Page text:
No, I don't have any. At least not at the moment. But it struck me as odd this morning that the term "female troubles" is still in use. I thought we had progressed past vague euphamisms for bodily functions. Practically everyone I know will tell you about their colonoscopy, or the ten reasons why they refuse to get one. You can't turn on the news without learning about a new study that links breast cancer or testicular cancer or ovarian cancer to something or other (hopefully not to each other). Everything is out there. Everything.
And yet, in some circles women are said to have female troubles. This phrase encompasses a lot of stuff: irregular periods, endometriosis, fibroids, a difficult menopause, a falling uterus, you name it. Doesn't it sound a tad sexist? To have "female troubles" is almost to be troublesome ourselves.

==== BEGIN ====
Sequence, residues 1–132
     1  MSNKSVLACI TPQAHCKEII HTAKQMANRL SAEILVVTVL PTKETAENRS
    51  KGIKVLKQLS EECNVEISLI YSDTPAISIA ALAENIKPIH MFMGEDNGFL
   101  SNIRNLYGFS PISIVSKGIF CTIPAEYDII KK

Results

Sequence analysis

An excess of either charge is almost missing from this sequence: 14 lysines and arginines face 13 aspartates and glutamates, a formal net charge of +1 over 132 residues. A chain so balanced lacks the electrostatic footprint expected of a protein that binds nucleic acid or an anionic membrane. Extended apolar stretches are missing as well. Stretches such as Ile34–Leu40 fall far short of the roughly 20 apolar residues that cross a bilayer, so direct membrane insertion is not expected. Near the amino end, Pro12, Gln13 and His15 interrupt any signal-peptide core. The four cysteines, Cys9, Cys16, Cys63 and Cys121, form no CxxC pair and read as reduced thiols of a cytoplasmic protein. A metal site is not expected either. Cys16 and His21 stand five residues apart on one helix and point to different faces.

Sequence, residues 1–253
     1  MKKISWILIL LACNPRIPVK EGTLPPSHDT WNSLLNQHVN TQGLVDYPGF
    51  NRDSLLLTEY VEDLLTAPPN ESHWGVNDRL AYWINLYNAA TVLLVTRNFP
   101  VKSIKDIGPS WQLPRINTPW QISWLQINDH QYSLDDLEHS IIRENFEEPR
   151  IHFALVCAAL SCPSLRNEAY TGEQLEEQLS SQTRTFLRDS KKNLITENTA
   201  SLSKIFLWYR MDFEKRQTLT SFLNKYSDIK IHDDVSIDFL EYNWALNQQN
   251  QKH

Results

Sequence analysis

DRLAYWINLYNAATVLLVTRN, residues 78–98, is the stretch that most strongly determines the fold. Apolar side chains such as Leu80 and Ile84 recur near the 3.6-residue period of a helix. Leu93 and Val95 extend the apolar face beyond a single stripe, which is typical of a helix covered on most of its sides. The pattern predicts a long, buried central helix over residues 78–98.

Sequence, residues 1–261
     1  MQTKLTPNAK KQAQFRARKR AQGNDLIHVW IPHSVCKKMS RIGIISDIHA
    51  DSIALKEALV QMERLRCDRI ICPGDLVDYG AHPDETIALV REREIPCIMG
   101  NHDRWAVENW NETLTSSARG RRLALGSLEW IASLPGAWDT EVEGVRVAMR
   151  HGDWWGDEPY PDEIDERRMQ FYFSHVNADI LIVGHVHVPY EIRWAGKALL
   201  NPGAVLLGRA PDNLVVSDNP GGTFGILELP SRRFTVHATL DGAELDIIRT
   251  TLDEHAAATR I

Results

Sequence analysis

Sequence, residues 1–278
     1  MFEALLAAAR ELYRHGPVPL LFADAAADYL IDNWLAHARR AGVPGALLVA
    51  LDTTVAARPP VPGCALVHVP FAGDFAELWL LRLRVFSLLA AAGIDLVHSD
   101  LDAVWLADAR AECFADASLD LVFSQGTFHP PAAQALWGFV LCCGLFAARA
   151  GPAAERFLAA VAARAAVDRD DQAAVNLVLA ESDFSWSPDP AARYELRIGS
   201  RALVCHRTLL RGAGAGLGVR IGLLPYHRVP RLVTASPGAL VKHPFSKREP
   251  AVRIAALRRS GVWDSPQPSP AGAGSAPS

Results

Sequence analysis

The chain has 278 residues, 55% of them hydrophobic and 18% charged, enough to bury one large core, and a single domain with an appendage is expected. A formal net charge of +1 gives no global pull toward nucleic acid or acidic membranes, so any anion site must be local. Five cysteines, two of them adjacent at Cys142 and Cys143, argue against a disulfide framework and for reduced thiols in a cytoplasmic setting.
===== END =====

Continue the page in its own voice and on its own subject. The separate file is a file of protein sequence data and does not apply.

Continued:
"Eh, she's on the warpath again. Female troubles, ya know."
I find it rather significant that men don't have "male troubles." Why don't they? Is it because men are never troublesome? Is it because in a man, nothing falls, bulges, migrates, or fails to be on time? Um . . . I'm not going to answer either of those.